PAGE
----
I don't get it? Whats wrong with the garage on Upper James? Why do they have to park buses inside anyway. More waste of taxpayers money. Just like the school board and their ultra waste of land and the new school board building!
By CharlesBall (registered) | Posted March 10, 2015 at 09:25:14
The Union Pearson Express cost $465 million. At the very least we could use that money to build an express train service across the lower city on existing tracks.
By Fred Street (anonymous) | Posted March 10, 2015 at 10:16:01
By jason (registered) | Posted March 10, 2015 at 10:39:08 in reply to Comment 110105
woah. The Mohawk Transit Terminal is an actual full terminal complex with bus lanes, new signals, a small terminal area in the building etc.... The Mountain park and ride was literally a few bus stops, concrete islands and parking spots.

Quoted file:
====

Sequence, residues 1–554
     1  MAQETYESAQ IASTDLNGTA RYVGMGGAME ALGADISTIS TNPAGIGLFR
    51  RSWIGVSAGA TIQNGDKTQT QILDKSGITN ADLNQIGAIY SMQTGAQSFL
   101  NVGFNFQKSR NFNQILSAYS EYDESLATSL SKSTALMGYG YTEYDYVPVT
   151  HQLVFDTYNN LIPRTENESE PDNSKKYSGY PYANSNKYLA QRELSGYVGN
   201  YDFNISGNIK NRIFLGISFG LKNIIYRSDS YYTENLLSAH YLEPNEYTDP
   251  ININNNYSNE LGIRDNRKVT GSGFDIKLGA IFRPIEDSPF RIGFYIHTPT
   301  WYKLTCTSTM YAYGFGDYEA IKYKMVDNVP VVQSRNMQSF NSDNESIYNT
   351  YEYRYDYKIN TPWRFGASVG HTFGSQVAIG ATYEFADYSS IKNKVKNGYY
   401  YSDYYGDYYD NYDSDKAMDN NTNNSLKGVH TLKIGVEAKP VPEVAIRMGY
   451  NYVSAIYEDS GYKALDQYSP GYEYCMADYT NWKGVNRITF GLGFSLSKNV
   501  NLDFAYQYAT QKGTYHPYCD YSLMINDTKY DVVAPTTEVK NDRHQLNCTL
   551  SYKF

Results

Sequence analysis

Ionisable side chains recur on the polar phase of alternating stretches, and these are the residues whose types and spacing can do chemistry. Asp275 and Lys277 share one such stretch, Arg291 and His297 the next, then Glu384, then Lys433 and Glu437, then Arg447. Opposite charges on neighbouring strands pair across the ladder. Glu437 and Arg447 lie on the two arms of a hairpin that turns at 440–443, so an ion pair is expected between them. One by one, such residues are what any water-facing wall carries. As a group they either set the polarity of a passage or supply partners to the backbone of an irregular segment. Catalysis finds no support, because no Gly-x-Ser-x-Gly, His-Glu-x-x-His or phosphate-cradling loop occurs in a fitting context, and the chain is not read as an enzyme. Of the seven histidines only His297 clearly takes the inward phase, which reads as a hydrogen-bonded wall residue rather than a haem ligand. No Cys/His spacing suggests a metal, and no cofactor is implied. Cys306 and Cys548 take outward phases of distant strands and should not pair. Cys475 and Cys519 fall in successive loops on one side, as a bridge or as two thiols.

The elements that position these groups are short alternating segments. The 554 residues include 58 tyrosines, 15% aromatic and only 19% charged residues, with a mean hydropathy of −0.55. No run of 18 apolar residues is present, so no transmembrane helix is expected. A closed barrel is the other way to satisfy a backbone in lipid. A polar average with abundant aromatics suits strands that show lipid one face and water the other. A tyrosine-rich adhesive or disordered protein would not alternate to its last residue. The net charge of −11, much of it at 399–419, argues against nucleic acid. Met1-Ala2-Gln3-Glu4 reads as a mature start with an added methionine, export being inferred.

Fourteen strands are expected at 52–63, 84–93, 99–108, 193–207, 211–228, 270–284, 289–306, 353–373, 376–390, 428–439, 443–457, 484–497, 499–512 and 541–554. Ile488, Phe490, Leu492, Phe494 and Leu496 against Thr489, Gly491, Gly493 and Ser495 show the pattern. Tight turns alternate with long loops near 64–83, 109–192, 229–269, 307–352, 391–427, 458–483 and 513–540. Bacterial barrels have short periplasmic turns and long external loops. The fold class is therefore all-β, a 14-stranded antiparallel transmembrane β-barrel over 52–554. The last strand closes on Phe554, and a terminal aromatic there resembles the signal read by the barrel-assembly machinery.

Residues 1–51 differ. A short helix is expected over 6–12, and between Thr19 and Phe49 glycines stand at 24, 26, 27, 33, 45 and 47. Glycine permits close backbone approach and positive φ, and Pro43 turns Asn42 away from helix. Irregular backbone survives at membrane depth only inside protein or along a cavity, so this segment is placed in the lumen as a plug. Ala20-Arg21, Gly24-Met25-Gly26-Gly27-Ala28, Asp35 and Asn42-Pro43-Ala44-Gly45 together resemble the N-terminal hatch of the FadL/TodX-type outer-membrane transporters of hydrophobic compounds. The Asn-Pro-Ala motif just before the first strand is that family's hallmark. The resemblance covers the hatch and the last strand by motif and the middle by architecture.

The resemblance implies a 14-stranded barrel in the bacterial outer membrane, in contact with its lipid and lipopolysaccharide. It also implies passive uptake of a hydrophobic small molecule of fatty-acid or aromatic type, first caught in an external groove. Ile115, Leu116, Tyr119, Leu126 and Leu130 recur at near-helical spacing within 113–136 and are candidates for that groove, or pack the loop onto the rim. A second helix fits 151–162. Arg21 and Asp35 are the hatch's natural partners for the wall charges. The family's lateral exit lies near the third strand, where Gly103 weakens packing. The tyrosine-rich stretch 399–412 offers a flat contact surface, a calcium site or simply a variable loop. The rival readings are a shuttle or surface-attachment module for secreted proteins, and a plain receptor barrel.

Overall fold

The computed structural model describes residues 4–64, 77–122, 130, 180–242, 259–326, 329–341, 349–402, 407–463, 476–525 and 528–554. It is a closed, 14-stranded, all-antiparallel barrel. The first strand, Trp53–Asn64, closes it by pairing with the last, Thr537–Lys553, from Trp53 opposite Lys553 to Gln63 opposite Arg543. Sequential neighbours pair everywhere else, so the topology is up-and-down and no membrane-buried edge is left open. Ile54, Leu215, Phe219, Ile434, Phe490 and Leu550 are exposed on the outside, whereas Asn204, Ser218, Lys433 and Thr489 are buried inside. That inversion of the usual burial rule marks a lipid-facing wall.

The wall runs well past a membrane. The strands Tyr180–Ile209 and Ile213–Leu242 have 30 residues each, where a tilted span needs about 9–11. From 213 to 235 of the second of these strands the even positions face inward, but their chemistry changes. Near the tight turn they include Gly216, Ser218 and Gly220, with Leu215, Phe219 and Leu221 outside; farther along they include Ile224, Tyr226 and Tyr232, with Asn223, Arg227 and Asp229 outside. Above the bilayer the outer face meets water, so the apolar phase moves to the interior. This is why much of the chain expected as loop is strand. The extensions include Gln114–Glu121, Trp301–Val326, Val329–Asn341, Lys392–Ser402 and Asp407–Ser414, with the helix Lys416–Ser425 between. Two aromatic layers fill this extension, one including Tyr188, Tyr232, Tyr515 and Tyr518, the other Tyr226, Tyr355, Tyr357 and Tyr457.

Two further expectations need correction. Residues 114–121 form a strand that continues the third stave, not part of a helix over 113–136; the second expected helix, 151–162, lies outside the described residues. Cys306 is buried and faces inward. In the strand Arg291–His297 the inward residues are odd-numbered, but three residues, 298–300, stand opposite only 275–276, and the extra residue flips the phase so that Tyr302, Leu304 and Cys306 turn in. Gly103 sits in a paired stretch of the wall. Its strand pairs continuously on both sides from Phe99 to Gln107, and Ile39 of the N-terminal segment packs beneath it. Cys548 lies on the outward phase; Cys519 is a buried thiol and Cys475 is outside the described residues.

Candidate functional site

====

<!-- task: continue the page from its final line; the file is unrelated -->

By AnjoMan (registered) | Posted March 12, 2015 at 02:26:00
Just want to point out that David Dixon clarified last night that the garage is actually supposed to house 225 buses, which brings the per bus cost down to around $890,000. Still the highest cost but by a much smaller margin.
By CharlesBall (registered) | Posted March 12, 2015 at 12:23:45 in reply to Comment 110129
We don't need a Taj Mahal. I would question it even if it was the lowest cost per bus.
By Stever (anonymous) | Posted March 13, 2015 at 09:58:19 in reply to Comment 110134
Yes, I wonder how much is costs to build a Costco?
I get much of the money for the new building is for equipment, but if Costco can build a store next to an operating store and then tear down the old store like they did in Ancaster, I don't understand why a more substantial building is required to service buses.
By mdrejhon (registered) - website | Posted March 04, 2016 at 13:13:41
Regardless, we really need to see an HSR bus expansion.
Could this be partially built, say for $150 million, with room to expand to the rest of the fleet?
Could this be the recipient of some new federal funds, since federal is looking for shovel-ready transit projects to fund quickly?